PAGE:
In the latest coronavirus news, health officials are worried about the increasing cases in a few states as the country approaches the flu season. Read on to learn all about it.
In This Article:
Coronavirus News: Alarming Number of Cases, Flu Season, and the Race for a Vaccine
Worrying Levels of New Infections
The new coronavirus cases’ overall daily average is going down in the United States, but some states have a weekly increase of at least 5%. These states include Alaska, New Jersey, and Wisconsin.
CNBC reports that the United States still had an average of about 34,000 new daily cases in early September. This is an improvement from a few weeks ago, where the US was averaging about 70,000 new cases each day.
Even with the improvement, though, health officials still consider the daily average alarmingly high. They believe that the trend could change for the worse as the country braces itself for the upcoming flu season.
Complications of the Flu Season
Like every other year, the flu becomes more problematic as the country transitions into the fall and winter seasons. The Centers for Disease Control and Prevention (CDC) reports that influenza activity usually ramps up in October and peaks anytime between December and February.
Apart from influenza (or the flu), several other respiratory viruses usually circulate during the flu season. This includes the rhinovirus (or the common cold) and the respiratory syncytial virus (or RSV).
With the flu season in mind, health officials believe that the average number of daily new cases is still unacceptable. They believe that the pandemic could get worse as the temperature drops, and people have more indoor gatherings.
On top of that, the flu season may also cause diagnostic complications. The coronavirus and influenza are both contagious respiratory illnesses.
They share similar symptoms, which may make them difficult to distinguish at the early stages. Ruling out COVID-19 in patients with respiratory symptoms may cause a further pileup in already strained hospitals and clinics.
Race for COVID-19 Vaccine
At this rate, health experts believe that a safe vaccine is a key to returning to a semblance of the old normal. Unfortunately, there are no vaccines approved for full use yet.
Pfizer is one of the COVID-19 vaccine frontrunners. They’re currently in a combination of phases 2 and 3 of vaccine development.
In vaccine development, Phase 2 is the expanded trial phase. This phase involves testing the vaccine’s effects on hundreds of people.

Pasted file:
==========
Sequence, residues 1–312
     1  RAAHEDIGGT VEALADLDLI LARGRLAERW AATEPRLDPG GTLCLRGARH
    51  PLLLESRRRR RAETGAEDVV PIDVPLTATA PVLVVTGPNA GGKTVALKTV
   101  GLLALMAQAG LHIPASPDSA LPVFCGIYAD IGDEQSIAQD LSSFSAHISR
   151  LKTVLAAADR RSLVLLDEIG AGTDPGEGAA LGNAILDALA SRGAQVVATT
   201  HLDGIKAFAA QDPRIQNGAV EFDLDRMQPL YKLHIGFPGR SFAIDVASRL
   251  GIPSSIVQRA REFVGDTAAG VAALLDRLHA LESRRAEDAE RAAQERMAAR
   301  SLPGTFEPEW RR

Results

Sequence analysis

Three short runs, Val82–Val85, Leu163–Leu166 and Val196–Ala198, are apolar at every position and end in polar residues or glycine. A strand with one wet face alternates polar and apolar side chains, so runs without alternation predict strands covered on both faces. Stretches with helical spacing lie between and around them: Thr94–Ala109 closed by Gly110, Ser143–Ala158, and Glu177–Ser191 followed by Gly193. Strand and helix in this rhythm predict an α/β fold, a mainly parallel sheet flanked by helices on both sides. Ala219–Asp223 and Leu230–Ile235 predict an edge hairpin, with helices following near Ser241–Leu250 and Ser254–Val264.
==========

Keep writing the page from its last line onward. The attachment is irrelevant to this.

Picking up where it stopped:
Phase 3 is the efficacy trial phase. This phase involves testing the vaccine’s effects on thousands of people. In this phase, the developers administer a vaccine and a placebo.
After some time, they compare the number of infections between the vaccinated group and the placebo group. According to the US Food and Drug Administration (FDA), a coronavirus vaccine is considered effective if it can protect at least 50% of vaccinated participants.
Pfizer is on its way to engage over 40,000 participants to test their vaccine. Pfizer’s CEO said that they would have the data they need to determine their vaccine efficacy by the end of October.
Sticking to Fundamental Health Measures
As the country waits for more information about the vaccine, medical experts urge the public to continue the basics of disease control. Here are some critical COVID-19 precautions to keep in mind:
- Mask up – Wear a mask that covers your mouth and nose when you’re out and about in public. This is especially important when it’s difficult to maintain social distance. The coronavirus is usually transmitted through respiratory droplets, and a mask can help prevent transmission.
- Wash your hands – Wash your hands with soap and water. If you don’t have access to clean water, you can also use a hand sanitizer that contains at least 60% alcohol. This can help kill any virus on your hands.
- Practice respiratory hygiene – Cover your mouth and nose when you cough or sneeze. You can use your inner elbow or a tissue. Make sure to dispose of the tissue and wash your hands right away.
- Avoid touching your mouth, nose, and eyes – If you have the virus on your hands, it can enter your body through your mouth, nose, or eyes.
- Maintain social distance – Try to stay at least 6-feet apart from people you don’t live with or people who are sick. Remember, asymptomatic or pre-symptomatic individuals can still spread the virus.
Apart from these, it’s also essential to monitor your health. If you start experiencing COVID-19 symptoms, it’s important to consult a doctor right away.
The World Health Organization recommends calling in advance before traveling to a medical facility. That way, your doctor will know to expect you, and you’ll know exactly where to go.
This can help prevent the spread of the coronavirus. Another option is consulting a doctor via telemedicine. With telemedicine services like StreamMD, you can talk to a doctor and get screened for COVID-19 without leaving your home.
How are you preparing yourself for the flu season? Please share your tips with us in the comments section below.